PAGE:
This section is from the book "Stories Of Old Sydney", by Charles H. Bertie.
" After much time had been lost through the wheels in Y\ ilkinson's machine going wrong, the whole thing was abandoned; the responsibility for the failure was laid principally on the timber used for the cog wheels not being seasoned, and thus causing them to give way. Baughan's mill on the whole was pronounced the superior, and Wilkinson returned crestfallen to Parramatta."
These were the last of the man-power mills, as Governor Hunter arrived in 1795 in the Reliance, bringing with him a windmill and a model to assist the men in its erection. The bill of the maker (one Stedman) of this mill reads:-
A small model to direct the setting it up
Expenses to Deptford
Mr. Stedman makes his total £99 18s., which demonstrates some commercial ability. This windmill was erected on the site now occupied by the Observatory, and was completed in February, 1797. One bushel of wheat ground in ten minutes was its record, which leaves no reason to doubt the veracity < if an historian who writes that convicts would wait up all night to catch their turn to have wheat ground. On many occasions the morning tap of drum, summoning him to work, would come before the unfortunate man received his flour; then his choice was no breakfast or raw wheat.
A delightful little commentary on the period is provided by a letter written by Governor Hunter on the 1st of June, 1797, in which he makes reference to the mill we are discussing. The Governor writes:-" I will not fatigue you with an account of what steps I am pursuing for bringing this turbulent and refractory colony to a proper obedience to the laws and regulations established for the general welfare. You will see what I have thought it right to say in my public letters. I will, however, mention a circumstance which has just happened, and which may serve to show how great a number of trusty people are necessary for looking after the worthless villains we have here to manage. Our windmill, which has just been finished, and is now at work, was the other day employed grinding some wheat for people who had some time past been obliged to pay almost one-half their grain to have the other ground. Whilst the miller was absent, and left these very people for whom the mill was then at work, in care of it. during his absence they were clever enough to steal away some of the sails from the vanes or fans, and we have not been yet able to discover the thief. The mill, for want of its sails, was consequently stopped." This is somewhat reminiscent of the eighteenth century story of the thief. Jonathan Wild, who on his way to the gallows picked the pocket of the clergyman sitting in the cart with him.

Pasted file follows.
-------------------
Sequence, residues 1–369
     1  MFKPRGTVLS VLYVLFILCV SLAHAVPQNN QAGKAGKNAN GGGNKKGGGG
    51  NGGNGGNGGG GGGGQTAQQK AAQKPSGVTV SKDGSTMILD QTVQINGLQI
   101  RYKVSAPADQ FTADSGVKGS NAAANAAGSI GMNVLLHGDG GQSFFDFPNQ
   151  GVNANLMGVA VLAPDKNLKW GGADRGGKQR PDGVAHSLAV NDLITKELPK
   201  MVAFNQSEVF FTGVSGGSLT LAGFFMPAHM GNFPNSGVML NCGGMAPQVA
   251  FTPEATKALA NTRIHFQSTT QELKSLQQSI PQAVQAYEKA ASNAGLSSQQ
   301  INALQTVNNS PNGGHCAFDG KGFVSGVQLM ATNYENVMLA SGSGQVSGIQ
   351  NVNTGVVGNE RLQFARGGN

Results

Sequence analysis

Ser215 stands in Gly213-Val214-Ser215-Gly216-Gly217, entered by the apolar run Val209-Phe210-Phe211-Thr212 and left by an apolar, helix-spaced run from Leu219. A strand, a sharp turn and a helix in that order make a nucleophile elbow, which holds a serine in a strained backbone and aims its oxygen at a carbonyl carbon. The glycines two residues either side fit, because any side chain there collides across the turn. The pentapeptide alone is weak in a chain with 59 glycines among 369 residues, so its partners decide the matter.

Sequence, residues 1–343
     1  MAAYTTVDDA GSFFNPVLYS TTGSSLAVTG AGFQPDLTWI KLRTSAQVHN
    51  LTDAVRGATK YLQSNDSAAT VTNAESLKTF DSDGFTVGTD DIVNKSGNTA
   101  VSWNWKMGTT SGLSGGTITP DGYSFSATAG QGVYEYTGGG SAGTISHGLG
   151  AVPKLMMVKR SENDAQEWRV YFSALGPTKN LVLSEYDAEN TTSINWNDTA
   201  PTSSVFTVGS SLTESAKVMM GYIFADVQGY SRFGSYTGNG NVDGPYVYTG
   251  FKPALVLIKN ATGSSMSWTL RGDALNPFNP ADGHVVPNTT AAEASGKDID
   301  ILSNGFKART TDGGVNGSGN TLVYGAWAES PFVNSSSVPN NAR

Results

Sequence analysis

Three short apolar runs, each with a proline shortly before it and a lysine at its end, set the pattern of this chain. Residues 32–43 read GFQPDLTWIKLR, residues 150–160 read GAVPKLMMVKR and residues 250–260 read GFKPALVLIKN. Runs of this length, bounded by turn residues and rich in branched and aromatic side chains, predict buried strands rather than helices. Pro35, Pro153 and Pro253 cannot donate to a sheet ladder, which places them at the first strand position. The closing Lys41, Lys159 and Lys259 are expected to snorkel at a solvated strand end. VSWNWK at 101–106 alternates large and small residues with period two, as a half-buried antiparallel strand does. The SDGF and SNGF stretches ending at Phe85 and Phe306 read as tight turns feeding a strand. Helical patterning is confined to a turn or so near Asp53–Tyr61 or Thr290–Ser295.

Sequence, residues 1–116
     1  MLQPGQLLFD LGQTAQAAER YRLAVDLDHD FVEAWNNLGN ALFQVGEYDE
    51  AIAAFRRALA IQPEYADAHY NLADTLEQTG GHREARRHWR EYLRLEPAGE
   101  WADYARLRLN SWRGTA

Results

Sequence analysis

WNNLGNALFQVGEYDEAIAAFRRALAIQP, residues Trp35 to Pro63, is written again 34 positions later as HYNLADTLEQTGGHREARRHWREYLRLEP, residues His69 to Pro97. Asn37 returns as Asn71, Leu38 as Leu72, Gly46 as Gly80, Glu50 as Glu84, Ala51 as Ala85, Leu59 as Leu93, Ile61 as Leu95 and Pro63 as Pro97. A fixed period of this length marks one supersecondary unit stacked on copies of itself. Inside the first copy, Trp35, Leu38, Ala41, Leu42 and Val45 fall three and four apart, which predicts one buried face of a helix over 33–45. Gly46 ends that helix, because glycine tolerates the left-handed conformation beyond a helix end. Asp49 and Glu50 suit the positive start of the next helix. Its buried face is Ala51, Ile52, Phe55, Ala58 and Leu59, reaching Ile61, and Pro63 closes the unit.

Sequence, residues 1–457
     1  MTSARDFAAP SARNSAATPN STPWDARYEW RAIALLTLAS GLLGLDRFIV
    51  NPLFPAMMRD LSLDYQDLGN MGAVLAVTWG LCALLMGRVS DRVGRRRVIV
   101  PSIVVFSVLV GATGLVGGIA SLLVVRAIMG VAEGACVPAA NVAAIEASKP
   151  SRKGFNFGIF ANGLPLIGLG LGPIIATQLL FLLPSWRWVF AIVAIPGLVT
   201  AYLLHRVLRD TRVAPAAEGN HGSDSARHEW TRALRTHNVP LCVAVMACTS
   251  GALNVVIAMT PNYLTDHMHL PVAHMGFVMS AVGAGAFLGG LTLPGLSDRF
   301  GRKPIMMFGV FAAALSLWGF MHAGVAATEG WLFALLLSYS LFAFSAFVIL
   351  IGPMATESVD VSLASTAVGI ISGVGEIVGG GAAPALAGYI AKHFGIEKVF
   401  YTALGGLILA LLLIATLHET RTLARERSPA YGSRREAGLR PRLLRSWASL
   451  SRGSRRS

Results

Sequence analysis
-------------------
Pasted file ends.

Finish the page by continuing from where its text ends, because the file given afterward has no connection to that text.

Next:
In a report of the 13th of August. 1806. it is stated that this windmill was then useless. A second and more imposing mill huntsman with two clogs in the upper portion of the Botanic Gardens. Mr. Smith has shown the mill tower in its sere and yellow age -sans sweeps-sans sails. In the left-hand corner the battlements of Government House stables are visible.
This mill brings into our view an interesting figure who played a small part in the drama of our early days. His name was John Boston, and he owned the mill shown in the drawing. The first reference we have to Mr. Boston is in a letter written by him on the 5th of December, 1793, to the Under-Secretary of State in which he offers himself as a settler in Xew South Wales. In detailing his qualifications Boston says: "I was brought up as a surgeon and apothecary, but have never since followed that profession. I have since made my particular study those parts of chemistry that are more particularly useful in trade and business. Have, therefore, a knowledge of brewing, distilling, sugar-making, vinegar-making, soap-making, etc. I have been in business as distiller, but was insuccessful. I likewise have a theoretical and some practical knowledge of agriculture." With such qualifications, united with the fact that " my views are not ambitious," it is not surprising that Mr. Boston was accepted as a settler and arrived here in the ship Surprise, being one of the first three to arrive in New South Wales as settlers. Instructions were sent out to Governor Hunter to assist the newcomer, who proposed to undertake the curing of fish. Our next view of Mr. Boston comes through a pig-not a particularly heroic medium, but 'twill serve (did not the " sow business" of 1644 affect the destiny of Massachusetts?). Now Mr. Boston owned some pigs in the year 1795, and these were wont to root on a close, the property of Captain Foveaux. The Captain did not object, but Quarter-master Laycock, who differed with Boston in the matter of a cash transaction, determined to adjust that difference to his satisfaction. To this end he instructed a private to shoot a pig when next they strayed. This was done, and of course the unfortunate porker happened to be the best of the tribe. Mr. Boston appeared on the scene, blows followed words, and the subsequent proceedings were transferred to the court. The offended and damaged owner claimed £500 damages from the quarter-master, the private (William Faith-full) and two other members of the N.S.W. Corps who happened to be present. The trial lasted seven days and aroused the intense interest of the wdiole communitv. The verdict was for Boston against the first two with damages at twenty shillings each.
Boston's Mill in Botanic Gardens.
The mill erected by Boston passed, before 1807, into the possession of Commissary John Palmer, who built another which stood near the site of the Governor Phillip statue in the Botanic Gardens. Further south, and occupying the land on which Governor Bourke's statue stands, a small post windmill was erected by Henry Kable. one of our early merchants. This mill was removed afterwards to the heights of Darling-hurst. Mr. Palmer had a bakery also on his grant.